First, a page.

Use Restriction (no residential / hotels here):



    *

  3. #3

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    ^
    I ran into the former employee of 50 Varick that I mentioned in an earlier post.

    I was mistaken about the Verizon presence in the building. There is a major telecom switch within and an extensive underground cable vault. Probably the reason for the use restrictions in the DOB filing.

  4. #4
    Disgruntled Optimist lofter1's Avatar
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    Yeah, it seems from the DOF documents that Verizon is just splitting off various chunks for use by others, but that they will retain some (fairly vast) amount of space. My eyes started glazing over with pdf's, so not sure how it's getting divvied up.

  5. #5

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    View from Artisan Lofts:


    Curbed


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    Curbed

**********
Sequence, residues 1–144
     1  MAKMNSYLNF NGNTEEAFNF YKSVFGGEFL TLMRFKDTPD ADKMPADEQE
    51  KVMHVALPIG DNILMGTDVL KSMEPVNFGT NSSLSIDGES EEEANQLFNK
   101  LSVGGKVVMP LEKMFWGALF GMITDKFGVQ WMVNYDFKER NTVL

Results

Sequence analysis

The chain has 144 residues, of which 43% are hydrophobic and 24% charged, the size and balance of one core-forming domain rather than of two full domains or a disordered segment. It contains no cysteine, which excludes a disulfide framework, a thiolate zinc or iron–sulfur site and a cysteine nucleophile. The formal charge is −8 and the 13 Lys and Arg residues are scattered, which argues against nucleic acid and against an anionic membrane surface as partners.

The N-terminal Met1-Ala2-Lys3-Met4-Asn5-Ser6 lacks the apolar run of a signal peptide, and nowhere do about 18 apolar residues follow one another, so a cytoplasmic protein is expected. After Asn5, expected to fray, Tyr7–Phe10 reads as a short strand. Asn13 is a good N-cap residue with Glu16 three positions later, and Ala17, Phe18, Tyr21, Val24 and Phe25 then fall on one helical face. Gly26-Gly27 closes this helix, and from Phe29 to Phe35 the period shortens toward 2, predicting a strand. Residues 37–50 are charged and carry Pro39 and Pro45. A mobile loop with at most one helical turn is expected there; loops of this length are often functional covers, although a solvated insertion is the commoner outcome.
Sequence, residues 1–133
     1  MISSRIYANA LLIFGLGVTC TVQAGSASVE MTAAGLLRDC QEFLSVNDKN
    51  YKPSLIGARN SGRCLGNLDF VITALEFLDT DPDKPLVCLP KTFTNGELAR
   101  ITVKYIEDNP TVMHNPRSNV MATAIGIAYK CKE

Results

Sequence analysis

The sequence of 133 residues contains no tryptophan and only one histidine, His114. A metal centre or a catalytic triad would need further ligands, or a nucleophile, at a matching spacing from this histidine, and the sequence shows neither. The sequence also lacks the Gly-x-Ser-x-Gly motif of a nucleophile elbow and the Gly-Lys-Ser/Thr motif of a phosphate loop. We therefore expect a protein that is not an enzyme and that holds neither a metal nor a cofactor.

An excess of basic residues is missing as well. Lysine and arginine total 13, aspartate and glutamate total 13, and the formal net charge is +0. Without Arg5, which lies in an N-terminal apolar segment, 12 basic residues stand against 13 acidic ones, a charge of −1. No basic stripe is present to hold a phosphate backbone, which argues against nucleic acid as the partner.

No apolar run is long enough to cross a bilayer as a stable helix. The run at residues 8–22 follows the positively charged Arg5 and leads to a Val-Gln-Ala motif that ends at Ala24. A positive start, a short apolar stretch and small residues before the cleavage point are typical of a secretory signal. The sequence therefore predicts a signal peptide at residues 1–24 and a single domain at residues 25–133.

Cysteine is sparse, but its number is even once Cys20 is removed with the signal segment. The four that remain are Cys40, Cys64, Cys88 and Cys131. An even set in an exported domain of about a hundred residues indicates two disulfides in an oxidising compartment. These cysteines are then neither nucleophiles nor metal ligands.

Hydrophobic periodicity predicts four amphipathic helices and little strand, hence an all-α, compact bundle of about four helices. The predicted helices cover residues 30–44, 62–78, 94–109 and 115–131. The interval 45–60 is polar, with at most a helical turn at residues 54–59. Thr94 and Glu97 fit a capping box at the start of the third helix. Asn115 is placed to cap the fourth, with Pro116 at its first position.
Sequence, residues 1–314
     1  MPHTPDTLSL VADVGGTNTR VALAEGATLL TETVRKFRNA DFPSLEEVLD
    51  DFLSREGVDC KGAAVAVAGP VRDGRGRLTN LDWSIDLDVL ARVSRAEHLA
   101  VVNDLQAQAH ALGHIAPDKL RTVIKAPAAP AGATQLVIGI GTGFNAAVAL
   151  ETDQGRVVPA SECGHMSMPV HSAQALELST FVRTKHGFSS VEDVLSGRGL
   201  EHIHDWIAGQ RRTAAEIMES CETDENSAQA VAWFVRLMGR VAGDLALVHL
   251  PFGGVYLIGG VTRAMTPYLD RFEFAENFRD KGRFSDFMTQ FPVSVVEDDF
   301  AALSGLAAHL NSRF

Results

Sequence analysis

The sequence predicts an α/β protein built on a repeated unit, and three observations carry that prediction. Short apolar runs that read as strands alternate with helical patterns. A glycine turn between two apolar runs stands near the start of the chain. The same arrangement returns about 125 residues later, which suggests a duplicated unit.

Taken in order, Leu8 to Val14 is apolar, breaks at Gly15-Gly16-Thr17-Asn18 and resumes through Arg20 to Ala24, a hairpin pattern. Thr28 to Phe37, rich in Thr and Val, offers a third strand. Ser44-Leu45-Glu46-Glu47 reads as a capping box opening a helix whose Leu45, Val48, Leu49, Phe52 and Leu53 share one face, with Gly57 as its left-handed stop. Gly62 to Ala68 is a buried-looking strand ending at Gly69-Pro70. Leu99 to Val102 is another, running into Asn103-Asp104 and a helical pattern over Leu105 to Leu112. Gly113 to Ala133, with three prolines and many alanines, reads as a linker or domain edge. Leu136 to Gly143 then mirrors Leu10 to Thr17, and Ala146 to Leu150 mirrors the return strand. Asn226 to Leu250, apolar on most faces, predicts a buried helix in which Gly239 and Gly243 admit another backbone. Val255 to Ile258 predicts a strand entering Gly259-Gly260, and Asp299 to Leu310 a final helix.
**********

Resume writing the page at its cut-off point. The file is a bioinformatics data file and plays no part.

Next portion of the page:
Barclay Tower looks bad.



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  6. #6

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    What beautiful photos. Tribeca is one of my favorite areas. It is pristine and stunning. These crap towers are the only blight on the neighborhood. They are too tall for the area and uglier than Rosie O'Donnell.


  7. #7

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    I've grown to like them. They're pretty friendly at street level (probably aided by the width of the sidewalk and landscaping) and their exteriors have enough going on to prevent them from looking banal. If only more our public housing used this as a precedent.

    The West street Side (BMCC) of the complex is brutal though.

  8. #8
    NYC Aficionado from Oz Merry's Avatar
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    Not quite north.


    New Building Planned for ‘Prominent’ Tribeca Site

    By Matt Dunning

    Brandon Miller's proposed seven-story condo building
    would occupy the narrow tract of land at the corner of
    Franklin and Varick Streets.

    A Tribeca resident is hoping to build his dream house on one of the last slivers of empty land in the neighborhood.